We just had a consultant come to my school to do a review of our social studies program. We got some useful feedback, which will help us to set our agenda for professional development and materials acquisition.
I noticed something strange, however. For classroom observations, they used a rubric, naturally. That rubric defined “rigor” as student engagement with primary source texts and artifacts. In other words, that’s what they expected to see in a high-functioning social studies class.
Jon and I believe very strongly that students in social studies classes should engage with meaningful artifacts created by the people we’re studying. In fact, we believe so strongly in the activity that we’ve taken pains to identify its primary purpose in our classes: to equip students to practice the disciplinary thinking skill of interpretation. In other words, we teach our students that one of the four essential questions in our field — “What were they thinking?” (Question Two) — is most appropriately addressed by interpreting primary sources.
What’s weird is that Question Two pretty much exhausted the consultant’s rubric. No narration (Question One, “What happened?”), no explanation (Question Three, “Why then and there?”), no judgment (Question Four, “What do we think about that?”). It’s not their fault, really. The consultants were not social studies experts. In fact, it’s not clear to me that they’d ever done a social studies review before. (My district hired them. Above my pay grade.)
THE ERROR BEHIND “DOCUMENT ANALYSIS”
The fact is, even people who should really know better often make the same mistake. Sam Wineburg’s SHEG makes it sound as though “document analysis” were the primary purpose of social studies education. Generic accounts of thinking skills often treat document reading and analysis as the bread-and-butter of history teaching and learning.
This mistake — the narrowing of history pedagogy to “document analysis” — reflects another mistake: confusing novices for experts.
Reading primary sources sounds like the authentic activity of professional historians. And it’s true: if you’d like to earn a PhD in history and eventually land one of the handful of academic jobs available each year in that field, you’d be well advised to spend some serious time in an archive, or several of them. Primary source research is definitely the bread and butter of the historical profession.
The mistake is thinking that children who are starting out in our field should imitate dedicated professionals, the virtuosi of (one of) our field(s). (Social Studies education is also the home of the social sciences and moral philosophy, or at least it should be.)
Here’s why that’s a mistake: imagine a person who knows nothing at all about, say, the American Revolution. Now imagine that you decided that, in order to teach them about that topic, you would assign only primary sources. Go ahead. Plan it out.
Now confess: you didn’t learn about the American Revolution that way. Nor, for that matter, did the PhD candidates in American history at our finest graduate schools. They learned from reading, first, reference sources (like textbooks), and then more narrowly focused secondary sources. Maybe they listened to podcasts and watched videos, too. Most likely, they heard the story from their teachers. The point is, when they were starting out, someone, in print or out loud, told them the story. No doubt they learned the story in chunks, not in one big gulp. And, if their social studies education was reasonably good, they likely stopped along the way and read and “engaged with” some primary sources like the Declaration of Independence, the Constitution, some Federalist papers, and so on.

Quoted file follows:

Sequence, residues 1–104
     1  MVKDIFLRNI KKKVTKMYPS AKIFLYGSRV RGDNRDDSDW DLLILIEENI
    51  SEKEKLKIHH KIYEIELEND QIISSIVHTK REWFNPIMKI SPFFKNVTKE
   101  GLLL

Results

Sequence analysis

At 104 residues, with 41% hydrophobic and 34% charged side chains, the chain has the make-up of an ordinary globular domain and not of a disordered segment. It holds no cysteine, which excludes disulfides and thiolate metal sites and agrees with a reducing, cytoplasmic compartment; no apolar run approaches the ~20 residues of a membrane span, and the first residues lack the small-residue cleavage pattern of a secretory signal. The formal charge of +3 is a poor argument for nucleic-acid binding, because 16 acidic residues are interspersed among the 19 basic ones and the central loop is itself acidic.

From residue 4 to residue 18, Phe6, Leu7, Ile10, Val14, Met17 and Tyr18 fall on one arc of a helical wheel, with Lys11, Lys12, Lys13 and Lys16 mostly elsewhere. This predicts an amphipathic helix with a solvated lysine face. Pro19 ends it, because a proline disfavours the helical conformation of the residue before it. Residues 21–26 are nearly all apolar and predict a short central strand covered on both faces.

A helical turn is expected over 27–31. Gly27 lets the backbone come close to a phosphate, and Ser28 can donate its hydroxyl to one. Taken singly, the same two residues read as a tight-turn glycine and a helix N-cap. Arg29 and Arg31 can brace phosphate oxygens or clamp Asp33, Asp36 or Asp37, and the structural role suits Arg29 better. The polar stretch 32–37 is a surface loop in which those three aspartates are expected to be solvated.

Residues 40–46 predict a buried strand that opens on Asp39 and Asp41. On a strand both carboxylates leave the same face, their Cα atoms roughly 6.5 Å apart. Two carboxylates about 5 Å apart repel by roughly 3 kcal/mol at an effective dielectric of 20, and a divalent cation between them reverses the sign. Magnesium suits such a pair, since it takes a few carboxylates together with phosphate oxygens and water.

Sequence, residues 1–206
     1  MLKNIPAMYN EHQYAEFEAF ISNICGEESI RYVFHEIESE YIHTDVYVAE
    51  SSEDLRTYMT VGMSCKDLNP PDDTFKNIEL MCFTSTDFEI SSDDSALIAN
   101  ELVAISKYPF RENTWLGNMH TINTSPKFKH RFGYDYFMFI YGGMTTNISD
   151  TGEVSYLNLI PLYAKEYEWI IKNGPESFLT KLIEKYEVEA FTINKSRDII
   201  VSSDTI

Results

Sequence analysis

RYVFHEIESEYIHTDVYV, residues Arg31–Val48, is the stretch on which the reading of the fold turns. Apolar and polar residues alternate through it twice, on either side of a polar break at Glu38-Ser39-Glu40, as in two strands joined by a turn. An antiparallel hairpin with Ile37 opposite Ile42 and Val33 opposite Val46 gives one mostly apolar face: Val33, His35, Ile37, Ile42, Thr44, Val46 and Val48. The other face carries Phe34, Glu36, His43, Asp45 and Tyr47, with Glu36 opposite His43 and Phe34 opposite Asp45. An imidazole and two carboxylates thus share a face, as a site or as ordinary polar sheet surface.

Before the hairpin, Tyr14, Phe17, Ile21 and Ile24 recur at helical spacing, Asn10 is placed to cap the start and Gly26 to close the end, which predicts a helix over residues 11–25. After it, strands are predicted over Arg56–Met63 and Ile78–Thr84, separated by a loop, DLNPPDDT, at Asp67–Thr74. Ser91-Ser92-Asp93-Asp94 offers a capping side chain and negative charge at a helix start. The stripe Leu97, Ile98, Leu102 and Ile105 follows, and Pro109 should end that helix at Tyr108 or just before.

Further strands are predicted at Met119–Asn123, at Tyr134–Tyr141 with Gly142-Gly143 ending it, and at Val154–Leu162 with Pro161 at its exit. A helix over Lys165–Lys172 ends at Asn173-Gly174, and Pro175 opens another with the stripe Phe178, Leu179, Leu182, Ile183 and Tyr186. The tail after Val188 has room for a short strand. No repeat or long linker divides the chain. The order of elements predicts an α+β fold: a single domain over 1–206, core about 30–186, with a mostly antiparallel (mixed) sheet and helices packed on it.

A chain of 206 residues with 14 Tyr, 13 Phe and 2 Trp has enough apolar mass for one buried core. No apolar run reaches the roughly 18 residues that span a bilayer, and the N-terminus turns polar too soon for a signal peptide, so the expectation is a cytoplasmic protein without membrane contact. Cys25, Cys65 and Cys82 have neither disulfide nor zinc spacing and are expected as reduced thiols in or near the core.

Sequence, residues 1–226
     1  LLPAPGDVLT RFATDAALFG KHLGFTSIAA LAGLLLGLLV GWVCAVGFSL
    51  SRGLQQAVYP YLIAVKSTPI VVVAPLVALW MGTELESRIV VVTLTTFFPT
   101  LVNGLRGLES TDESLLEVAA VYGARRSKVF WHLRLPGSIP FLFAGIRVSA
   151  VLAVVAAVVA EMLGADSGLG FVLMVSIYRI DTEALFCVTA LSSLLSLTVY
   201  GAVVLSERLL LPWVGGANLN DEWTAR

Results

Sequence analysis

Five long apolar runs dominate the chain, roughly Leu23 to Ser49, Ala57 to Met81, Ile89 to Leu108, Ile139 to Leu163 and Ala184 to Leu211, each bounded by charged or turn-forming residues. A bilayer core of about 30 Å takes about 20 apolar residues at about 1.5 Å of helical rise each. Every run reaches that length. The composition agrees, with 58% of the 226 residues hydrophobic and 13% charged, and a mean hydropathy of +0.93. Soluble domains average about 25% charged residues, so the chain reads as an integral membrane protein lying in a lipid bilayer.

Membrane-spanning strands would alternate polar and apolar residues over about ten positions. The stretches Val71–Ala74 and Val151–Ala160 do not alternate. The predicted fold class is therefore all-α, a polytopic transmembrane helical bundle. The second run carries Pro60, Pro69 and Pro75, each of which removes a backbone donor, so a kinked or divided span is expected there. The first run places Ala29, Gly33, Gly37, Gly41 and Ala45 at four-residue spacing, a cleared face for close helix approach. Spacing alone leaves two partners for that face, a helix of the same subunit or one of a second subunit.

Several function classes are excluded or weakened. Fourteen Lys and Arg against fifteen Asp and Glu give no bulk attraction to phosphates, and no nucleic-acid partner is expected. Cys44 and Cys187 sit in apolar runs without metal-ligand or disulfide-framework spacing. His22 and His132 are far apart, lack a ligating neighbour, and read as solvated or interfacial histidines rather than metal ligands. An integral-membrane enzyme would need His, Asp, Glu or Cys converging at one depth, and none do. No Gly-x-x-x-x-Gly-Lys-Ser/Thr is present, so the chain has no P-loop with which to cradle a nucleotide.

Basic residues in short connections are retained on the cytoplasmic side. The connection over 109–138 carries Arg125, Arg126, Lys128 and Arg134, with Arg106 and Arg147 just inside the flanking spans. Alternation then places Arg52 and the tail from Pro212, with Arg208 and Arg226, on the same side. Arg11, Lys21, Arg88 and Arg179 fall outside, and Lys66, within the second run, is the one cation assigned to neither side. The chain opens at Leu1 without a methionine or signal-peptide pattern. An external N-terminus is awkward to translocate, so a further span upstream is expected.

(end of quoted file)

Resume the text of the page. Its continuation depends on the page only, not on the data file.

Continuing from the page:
The Four Question Method acknowledges this brute fact: before you know some true stories well, you simply won’t be able to think historically. Without the accumulated background knowledge of a story, you won’t be able to interpret the primary sources that reflect the thinking of the actors in that story. And, before you know lots of stories well, you’ll be hard pressed to notice recurrent patterns, let alone explain them. Story first! — that’s how we learn history. That’s what prepares us to think like historians (and social scientists).
Psychologists have studied this error, which is pervasive among advocates of “authentic” learning: the confusion of the epistemology of experts with the pedagogical needs of novices. The ways that experts, like historians or scientists, acquire and use knowledge are different from what our students need in order to learn how to think like historians and scientists.
In science, for example, it’s tempting to dream that schoolchildren could just do experiments until they’d reproduced the knowledge accumulated by generations of professional scientists. After all, that’s how those expert scientists do their business: they test hypotheses in a lab. But that’s not how they became scientists. They accumulated lots of received wisdom in school before embarking on their independent lab projects. They stood on the shoulders of giants. They knew which hypotheses might make sense because they knew a lot of science before they started experimenting. Good scientists and historians continue to learn that way, even after they dig into the lab and the archive. They read what others have learned from their disciplinary inquiries.
So, reading primary sources is great. When your students are ready for it, give them a challenge: learn a true historical story from nothing but primary sources. That’ll give them a taste of graduate school. In the meantime, when someone tells you that rigor in a social studies class means engaging with primary sources and artifacts and nothing else, ask them if that’s how they learned what they know about history.